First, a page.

Shooting anything outdoors on an overcast day is effectively like shooting under a giant softbox. The sun is a hard source but the clouds are naturally diffusing the light and flattering our subjects for us. We like overcast days when we're filming!

 

 

HIGH KEY DRAMA

In the short comedy 'Toast' a sense of realism was needed, hence the low contrast approach.

In the short comedy 'Toast' a sense of realism was needed, hence the low contrast approach.

Any production opting for a sense of realism (think soap operas) is likely to use a lot of soft light. This keeps the contrast generally low and spreads the light throughout a shot or scene. Dramatic shadows, whilst stylistic, don't always look realistic. 

 

 

 

STUDIO LIGHTING

For this shoot with 325productionsUK our challenge was to recreate a studio look in our client's home. To light him we bounced two 800W redheads (hard lights) on either side of him and rigged a 150W Dedolight (also hard) with some diffusion gel above the book case to act as a subtle backlight. Who needs a studio, eh?

For this shoot with 325productionsUK our challenge was to recreate a studio look in our client's home. To light him we bounced two 800W redheads (hard lights) on either side of him and rigged a 150W Dedolight (also hard) with some diffusion gel above the book case to act as a subtle backlight. Who needs a studio, eh?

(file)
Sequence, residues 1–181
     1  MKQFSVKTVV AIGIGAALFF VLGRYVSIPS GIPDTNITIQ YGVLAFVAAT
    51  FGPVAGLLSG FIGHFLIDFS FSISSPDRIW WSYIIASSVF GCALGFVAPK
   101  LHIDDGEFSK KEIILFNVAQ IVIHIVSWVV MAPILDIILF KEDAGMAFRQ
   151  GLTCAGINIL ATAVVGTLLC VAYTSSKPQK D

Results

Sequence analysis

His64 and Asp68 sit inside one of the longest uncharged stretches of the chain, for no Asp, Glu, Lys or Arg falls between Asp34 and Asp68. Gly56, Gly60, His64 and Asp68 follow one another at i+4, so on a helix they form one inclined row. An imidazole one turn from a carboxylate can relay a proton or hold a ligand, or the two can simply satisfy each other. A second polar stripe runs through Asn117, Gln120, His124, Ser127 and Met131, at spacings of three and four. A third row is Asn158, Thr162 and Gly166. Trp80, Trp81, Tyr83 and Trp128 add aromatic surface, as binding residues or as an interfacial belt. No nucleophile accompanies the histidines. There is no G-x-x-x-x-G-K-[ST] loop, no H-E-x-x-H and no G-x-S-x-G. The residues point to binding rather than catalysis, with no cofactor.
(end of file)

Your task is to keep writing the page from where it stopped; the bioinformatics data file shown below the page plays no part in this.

Think Saturday night TV or chat shows. Rarely will you see a strong shadow or a dramatic highlight. Presenters are usually lit with nice even soft lighting.

 

 

 

 

 

CORPORATE VIDEO

This interview for Mollart Engineering Ltd. was lit by a Dedolight DLH4 150W with a softbox to left of camera and the interior lights (fluoresescents) left on. A small amount of magenta was added in post production to remove the green tint emitted from the interior lights.

This interview for Mollart Engineering Ltd. was lit by a Dedolight DLH4 150W with a softbox to left of camera and the interior lights (fluoresescents) left on. A small amount of magenta was added in post production to remove the green tint emitted from the interior lights.

For the majority of business videos the message is usually a positive and forward thinking one. To support this, too much contrast can have a negative impact and therefore soft, even lighting is usually the way to go for interviews.

 

 

 

 

Even with the softest light source, you can’t completely remove shadows. What you can do is control the intensity of these shadows, change their direction or hide them amongst the mise en scene.
— Lighting Tip #4

Mixing hard & soft light:

Depending on what you're shooting you may want to combine hard and soft light. In fact, to create dynamic and cinematic images (that's what we all want to achieve, right?) doing just this can be an excellent approach to lighting. More often than not, in my opinion this is what classes an image as 'cinematic'.

 

Referring again to this shot from the Nazi Vengeance music promo lit by DOP Haydn West, Substantial Films. With an HMI shining in through the barn window the hard light hits the back of our subject to create a highlight. The power of the source also means it bounces back off the wall to fill her face (now soft). The result - a dynamic image that uses both hard and soft light to great effect. True cinematography.